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Why .Net languages cannot be compiled to machine code? RRS feed

  • Question

  • Does anyone know of a logical reason why any .net language cannot be compiled down to machine code except for c++.Net?

    In the end the compiler has to make calls to  machine level functions anyways, so wy can it not include those and just copile down to exe machine code form?

    Just curious, since c++.Net can do it either way, I could not find a reason why they could not make c# or any other language do the same thing.

    Thanks,

    Chad

    Tuesday, September 19, 2006 6:24 AM

Answers

  • That's right - the .NET languages are JIT-compiled at runtime, but Microsoft has provided you with a native compiler too!
    If you want a .net assembly (which contains CIL language, ready to be JIT compiled at runtime) compiled to native code, you can use ngen.exe.

    You will lose many benefits that the JIT compiler would give though, and performance increase is not always noticable. Infact, you might even have a slight performance decrease, depending on what your code does.
    Tuesday, September 19, 2006 8:36 AM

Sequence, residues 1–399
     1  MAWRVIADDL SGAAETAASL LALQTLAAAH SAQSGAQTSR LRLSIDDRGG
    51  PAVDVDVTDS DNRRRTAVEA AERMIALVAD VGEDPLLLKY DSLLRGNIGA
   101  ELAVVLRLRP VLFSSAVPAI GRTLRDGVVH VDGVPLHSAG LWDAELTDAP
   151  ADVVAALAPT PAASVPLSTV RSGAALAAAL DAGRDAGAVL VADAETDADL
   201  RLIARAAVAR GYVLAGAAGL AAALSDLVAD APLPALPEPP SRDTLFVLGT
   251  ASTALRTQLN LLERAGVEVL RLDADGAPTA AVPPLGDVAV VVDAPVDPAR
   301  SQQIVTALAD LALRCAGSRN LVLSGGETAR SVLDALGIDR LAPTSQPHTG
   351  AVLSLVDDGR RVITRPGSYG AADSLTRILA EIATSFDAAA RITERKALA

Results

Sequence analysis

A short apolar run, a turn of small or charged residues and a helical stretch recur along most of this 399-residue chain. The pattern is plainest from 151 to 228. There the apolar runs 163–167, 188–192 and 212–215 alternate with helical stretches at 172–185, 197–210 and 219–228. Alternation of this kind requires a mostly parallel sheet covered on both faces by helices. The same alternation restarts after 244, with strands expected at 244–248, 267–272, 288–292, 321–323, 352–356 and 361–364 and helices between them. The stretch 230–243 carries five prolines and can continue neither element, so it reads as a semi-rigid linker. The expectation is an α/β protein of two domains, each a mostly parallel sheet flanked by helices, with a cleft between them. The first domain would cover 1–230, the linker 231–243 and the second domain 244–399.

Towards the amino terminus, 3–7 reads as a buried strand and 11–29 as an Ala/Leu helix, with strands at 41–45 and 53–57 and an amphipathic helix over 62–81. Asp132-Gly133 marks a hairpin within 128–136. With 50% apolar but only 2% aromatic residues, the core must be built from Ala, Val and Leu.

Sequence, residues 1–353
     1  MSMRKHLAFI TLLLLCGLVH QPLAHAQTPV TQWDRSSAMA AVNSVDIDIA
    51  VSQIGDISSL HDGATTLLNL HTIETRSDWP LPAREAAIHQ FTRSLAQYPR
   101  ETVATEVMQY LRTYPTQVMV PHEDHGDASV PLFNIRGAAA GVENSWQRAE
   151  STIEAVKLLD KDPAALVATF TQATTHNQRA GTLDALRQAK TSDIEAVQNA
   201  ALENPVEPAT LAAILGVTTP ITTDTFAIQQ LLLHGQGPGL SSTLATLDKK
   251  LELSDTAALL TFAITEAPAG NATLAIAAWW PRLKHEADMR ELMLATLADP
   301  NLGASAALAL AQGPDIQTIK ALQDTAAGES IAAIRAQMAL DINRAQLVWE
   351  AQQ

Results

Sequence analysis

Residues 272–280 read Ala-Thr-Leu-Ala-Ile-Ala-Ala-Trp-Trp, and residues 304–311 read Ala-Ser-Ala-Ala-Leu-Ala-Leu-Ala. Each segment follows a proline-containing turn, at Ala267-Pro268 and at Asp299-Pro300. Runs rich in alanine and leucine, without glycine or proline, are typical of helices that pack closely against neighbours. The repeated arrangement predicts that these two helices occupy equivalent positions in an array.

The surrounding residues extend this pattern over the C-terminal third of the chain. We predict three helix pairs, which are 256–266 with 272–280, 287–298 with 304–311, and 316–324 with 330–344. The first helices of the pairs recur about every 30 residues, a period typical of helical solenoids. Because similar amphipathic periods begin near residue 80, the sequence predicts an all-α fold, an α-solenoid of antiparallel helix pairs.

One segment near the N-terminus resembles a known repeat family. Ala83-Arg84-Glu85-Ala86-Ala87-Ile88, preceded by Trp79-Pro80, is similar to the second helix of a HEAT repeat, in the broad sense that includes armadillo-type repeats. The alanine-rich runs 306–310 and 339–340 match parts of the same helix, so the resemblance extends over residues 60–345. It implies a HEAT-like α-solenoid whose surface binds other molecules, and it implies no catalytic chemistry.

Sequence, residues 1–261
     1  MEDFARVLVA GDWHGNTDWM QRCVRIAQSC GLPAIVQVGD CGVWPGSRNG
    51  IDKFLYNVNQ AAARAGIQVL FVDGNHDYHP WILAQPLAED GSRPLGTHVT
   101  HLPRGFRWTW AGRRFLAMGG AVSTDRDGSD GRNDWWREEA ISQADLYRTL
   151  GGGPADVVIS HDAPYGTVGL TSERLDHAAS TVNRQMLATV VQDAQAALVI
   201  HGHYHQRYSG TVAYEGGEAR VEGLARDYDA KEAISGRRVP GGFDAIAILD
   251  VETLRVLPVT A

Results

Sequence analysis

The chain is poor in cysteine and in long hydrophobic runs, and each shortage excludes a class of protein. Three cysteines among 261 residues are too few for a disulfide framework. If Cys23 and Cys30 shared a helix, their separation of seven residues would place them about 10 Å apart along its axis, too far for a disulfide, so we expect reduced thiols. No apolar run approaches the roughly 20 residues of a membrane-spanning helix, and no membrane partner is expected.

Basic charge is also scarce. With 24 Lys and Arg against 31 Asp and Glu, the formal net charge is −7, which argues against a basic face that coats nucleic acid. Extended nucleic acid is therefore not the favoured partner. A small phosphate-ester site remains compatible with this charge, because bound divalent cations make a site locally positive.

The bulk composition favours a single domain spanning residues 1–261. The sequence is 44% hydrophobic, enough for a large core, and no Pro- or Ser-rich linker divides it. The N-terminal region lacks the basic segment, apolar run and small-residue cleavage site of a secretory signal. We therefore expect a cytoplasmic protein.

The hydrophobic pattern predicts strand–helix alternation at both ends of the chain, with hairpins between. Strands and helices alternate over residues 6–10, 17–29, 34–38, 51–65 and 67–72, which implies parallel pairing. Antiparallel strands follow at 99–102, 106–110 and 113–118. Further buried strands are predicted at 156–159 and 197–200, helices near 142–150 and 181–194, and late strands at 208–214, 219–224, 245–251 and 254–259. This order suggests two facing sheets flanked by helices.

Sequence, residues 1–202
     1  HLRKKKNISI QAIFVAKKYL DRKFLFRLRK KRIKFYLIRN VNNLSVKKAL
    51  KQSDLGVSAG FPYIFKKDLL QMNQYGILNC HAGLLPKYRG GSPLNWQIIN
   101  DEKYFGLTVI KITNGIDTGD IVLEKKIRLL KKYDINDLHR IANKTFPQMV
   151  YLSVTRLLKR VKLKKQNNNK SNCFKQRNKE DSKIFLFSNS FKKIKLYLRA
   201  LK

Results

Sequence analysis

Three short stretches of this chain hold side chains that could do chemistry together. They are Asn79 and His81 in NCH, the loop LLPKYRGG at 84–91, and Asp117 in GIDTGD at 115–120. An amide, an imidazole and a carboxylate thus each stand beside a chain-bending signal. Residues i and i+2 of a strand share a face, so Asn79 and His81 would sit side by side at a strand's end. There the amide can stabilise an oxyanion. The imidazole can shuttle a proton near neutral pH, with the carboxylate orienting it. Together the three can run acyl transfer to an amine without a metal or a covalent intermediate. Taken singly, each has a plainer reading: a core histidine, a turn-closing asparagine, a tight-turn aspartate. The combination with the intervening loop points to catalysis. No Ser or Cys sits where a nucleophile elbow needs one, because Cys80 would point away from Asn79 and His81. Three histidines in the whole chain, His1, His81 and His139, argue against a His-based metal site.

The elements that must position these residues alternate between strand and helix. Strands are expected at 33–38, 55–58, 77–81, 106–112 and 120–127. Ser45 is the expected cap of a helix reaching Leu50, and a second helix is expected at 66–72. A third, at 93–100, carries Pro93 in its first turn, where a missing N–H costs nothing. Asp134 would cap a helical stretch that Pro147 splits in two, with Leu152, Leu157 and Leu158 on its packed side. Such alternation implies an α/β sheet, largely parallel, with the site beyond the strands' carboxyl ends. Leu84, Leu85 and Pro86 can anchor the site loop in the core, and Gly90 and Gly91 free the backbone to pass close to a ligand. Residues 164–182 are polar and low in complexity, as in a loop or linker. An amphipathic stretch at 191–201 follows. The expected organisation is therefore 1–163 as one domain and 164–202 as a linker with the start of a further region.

All replies

  • Of course they can be compiled, the CIL code would not be run othervise. Check if this helps you: http://msdn2.microsoft.com/en-us/library/6t9t5wcf.aspx

    But the WHOLE idea of the CIL language is that the code IS NOT compiled to the native language, so the code can be run on every processor.
    Tuesday, September 19, 2006 7:51 AM
  • That's right - the .NET languages are JIT-compiled at runtime, but Microsoft has provided you with a native compiler too!
    If you want a .net assembly (which contains CIL language, ready to be JIT compiled at runtime) compiled to native code, you can use ngen.exe.

    You will lose many benefits that the JIT compiler would give though, and performance increase is not always noticable. Infact, you might even have a slight performance decrease, depending on what your code does.
    Tuesday, September 19, 2006 8:36 AM